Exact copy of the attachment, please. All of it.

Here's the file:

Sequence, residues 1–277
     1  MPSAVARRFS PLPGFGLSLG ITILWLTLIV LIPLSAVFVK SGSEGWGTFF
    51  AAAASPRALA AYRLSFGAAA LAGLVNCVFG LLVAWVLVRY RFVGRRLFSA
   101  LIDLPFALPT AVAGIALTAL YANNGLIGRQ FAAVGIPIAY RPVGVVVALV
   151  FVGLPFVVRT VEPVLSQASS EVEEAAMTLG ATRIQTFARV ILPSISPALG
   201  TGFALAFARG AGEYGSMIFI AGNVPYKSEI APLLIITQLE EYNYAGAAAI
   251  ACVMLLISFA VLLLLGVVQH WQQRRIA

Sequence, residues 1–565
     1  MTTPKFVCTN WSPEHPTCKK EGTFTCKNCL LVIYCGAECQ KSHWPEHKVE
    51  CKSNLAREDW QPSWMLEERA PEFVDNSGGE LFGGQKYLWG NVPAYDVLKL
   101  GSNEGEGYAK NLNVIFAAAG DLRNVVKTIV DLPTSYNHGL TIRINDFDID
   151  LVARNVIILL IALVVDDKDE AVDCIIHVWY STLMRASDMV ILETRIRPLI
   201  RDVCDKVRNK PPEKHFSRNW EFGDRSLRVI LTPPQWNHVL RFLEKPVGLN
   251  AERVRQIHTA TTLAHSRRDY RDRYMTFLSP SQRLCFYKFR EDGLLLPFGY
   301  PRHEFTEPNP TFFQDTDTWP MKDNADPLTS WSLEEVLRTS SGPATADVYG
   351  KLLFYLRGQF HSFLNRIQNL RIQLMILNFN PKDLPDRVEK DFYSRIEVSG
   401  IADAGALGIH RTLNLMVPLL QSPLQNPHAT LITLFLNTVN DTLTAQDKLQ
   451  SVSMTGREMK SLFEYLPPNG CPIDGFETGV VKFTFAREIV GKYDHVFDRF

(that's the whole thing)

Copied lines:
Sequence, residues 1–277
     1  MPSAVARRFS PLPGFGLSLG ITILWLTLIV LIPLSAVFVK SGSEGWGTFF
    51  AAAASPRALA AYRLSFGAAA LAGLVNCVFG LLVAWVLVRY RFVGRRLFSA
   101  LIDLPFALPT AVAGIALTAL YANNGLIGRQ FAAVGIPIAY RPVGVVVALV
   151  FVGLPFVVRT VEPVLSQASS EVEEAAMTLG ATRIQTFARV ILPSISPALG
   201  TGFALAFARG AGEYGSMIFI AGNVPYKSEI APLLIITQLE EYNYAGAAAI
   251  ACVMLLISFA VLLLLGVVQH WQQRRIA

Sequence, residues 1–565
     1  MTTPKFVCTN WSPEHPTCKK EGTFTCKNCL LVIYCGAECQ KSHWPEHKVE
    51  CKSNLAREDW QPSWMLEERA PEFVDNSGGE LFGGQKYLWG NVPAYDVLKL
   101  GSNEGEGYAK NLNVIFAAAG DLRNVVKTIV DLPTSYNHGL TIRINDFDID
   151  LVARNVIILL IALVVDDKDE AVDCIIHVWY STLMRASDMV ILETRIRPLI
   201  RDVCDKVRNK PPEKHFSRNW EFGDRSLRVI LTPPQWNHVL RFLEKPVGLN
   251  AERVRQIHTA TTLAHSRRDY RDRYMTFLSP SQRLCFYKFR EDGLLLPFGY
   301  PRHEFTEPNP TFFQDTDTWP MKDNADPLTS WSLEEVLRTS SGPATADVYG
   351  KLLFYLRGQF HSFLNRIQNL RIQLMILNFN PKDLPDRVEK DFYSRIEVSG
   401  IADAGALGIH RTLNLMVPLL QSPLQNPHAT LITLFLNTVN DTLTAQDKLQ
   451  SVSMTGREMK SLFEYLPPNG CPIDGFETGV VKFTFAREIV GKYDHVFDRF